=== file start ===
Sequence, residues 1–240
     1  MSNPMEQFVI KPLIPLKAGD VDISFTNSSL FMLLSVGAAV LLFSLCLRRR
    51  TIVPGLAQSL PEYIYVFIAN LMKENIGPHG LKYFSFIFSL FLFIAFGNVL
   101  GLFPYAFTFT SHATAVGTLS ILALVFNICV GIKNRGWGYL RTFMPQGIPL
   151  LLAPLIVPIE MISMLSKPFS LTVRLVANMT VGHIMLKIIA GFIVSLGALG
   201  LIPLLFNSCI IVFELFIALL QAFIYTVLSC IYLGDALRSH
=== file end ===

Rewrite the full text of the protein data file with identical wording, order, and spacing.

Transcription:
Sequence, residues 1–240
     1  MSNPMEQFVI KPLIPLKAGD VDISFTNSSL FMLLSVGAAV LLFSLCLRRR
    51  TIVPGLAQSL PEYIYVFIAN LMKENIGPHG LKYFSFIFSL FLFIAFGNVL
   101  GLFPYAFTFT SHATAVGTLS ILALVFNICV GIKNRGWGYL RTFMPQGIPL
   151  LLAPLIVPIE MISMLSKPFS LTVRLVANMT VGHIMLKIIA GFIVSLGALG
   201  LIPLLFNSCI IVFELFIALL QAFIYTVLSC IYLGDALRSH